Posted to: Mark Workman, Provost Academic Affairs
“I would like to submit the following questions anonymously to the Faculty Association and ask for a written response from the administration. It seems UNF posted the Student ISQ evaluations of faculty to comply with state laws.
1. Why were faculty not informed?
2. Why was only one item selected?
3. Why were the grade distributions posted as well? What is the rationale? Is it required by law to post those?
4. Why are faculty IDEA ratings of administrators not shared with faculty? Would those ratings not fall under the Florida sunshine law? Even if it is not required by law, what is the reason not to make these ratings of administrators available, especially in light of greater transparency and accountability?”
Written response from Former Provost Mark Workman, Academic Affairs:
Please share this statement or not, verbally or in writing, as you see fit.
It is important that we remind or inform concerned faculty that the GDRs by instructor are grade distribution reports already posted for the university on the www.myedu.com website. It is Academic Affairs’ understanding that for several years, students requested UNF’s participation in the myedu.com site – the Registrar would create a file and the General Counsel’s office would then send (or clear the Registrar to send) an instructor-level grade distribution report to myedu.com; this data was considered public information. Because instructor-level grade distribution reports were deemed to be public information, the Registrar was essentially responding to the student’s public records request by providing myedu.com with the data to upload on its site. Once on the myedu.com site, students created (free) accounts to access this information. Before Student Government approached Academic Affairs with its request, the SG President and Vice President researched other institutional websites and provided Academic Affairs with examples of GDRs (Texas A&M and Indiana University-Bloomington) which made this data available to students on the home university’s website. This would obviate the need for UNF to send this data to myedu.com and require students to create accounts. SG requested the same ease of access to this data for UNF students. Once Academic Affairs confirmed that the Registrar and General Counsel were providing this data to myedu.com and there were no issues of GDRs having limited access protection, we asked the SG President and Vice President to discuss their request with the President of Faculty Association. Following that discussion, ITS and Enrollment Services worked with SG to post the data in a highly accessible and visible place on UNF’s website. The project was completed ahead of schedule thus the notification to students and faculty followed the posting of the data on UNF’s site.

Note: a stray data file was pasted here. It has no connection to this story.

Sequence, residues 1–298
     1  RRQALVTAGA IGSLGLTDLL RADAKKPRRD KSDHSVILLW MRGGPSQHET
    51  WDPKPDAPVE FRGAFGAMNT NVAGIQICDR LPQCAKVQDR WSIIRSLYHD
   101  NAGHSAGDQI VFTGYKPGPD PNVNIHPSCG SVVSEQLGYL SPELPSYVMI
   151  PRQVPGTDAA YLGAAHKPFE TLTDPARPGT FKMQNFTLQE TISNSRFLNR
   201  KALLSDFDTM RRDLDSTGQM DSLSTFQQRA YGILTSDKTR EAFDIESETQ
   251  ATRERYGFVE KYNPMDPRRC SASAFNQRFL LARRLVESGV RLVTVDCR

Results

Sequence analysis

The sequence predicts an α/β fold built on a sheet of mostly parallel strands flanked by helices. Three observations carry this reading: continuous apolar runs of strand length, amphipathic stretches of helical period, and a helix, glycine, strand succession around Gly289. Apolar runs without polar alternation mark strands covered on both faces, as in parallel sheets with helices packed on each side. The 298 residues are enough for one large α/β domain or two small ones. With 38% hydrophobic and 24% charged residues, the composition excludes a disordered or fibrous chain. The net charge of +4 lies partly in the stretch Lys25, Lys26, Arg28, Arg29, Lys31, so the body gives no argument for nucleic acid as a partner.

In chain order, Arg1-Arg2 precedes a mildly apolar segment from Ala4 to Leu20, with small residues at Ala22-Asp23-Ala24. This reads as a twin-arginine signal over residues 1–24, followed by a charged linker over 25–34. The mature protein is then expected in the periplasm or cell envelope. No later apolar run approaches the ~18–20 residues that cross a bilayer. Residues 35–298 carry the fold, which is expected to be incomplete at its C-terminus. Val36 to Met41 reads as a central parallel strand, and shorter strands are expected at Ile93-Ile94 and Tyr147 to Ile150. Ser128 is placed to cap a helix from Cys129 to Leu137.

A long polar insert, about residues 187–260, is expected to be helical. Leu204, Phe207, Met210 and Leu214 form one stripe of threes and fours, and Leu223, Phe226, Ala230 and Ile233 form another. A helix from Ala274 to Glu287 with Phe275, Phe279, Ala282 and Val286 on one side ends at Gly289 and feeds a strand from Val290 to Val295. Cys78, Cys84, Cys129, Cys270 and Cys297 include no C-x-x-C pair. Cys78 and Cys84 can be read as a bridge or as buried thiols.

With regard to the question of using aggregated data, it seemed impractical to offer to students this option since they were already accessing instructor-level data through myunf.edu. To restrict the data they already had access to via myedu.com would not be responding to the request for this (public) data. Academic Affairs suggests that representatives of the Faculty Association or General Counsel meet with Student Government to discuss the possibility of providing GDRs that are aggregated at the department level. Since SG requested this data, it seems they would be the appropriate body to discuss other options.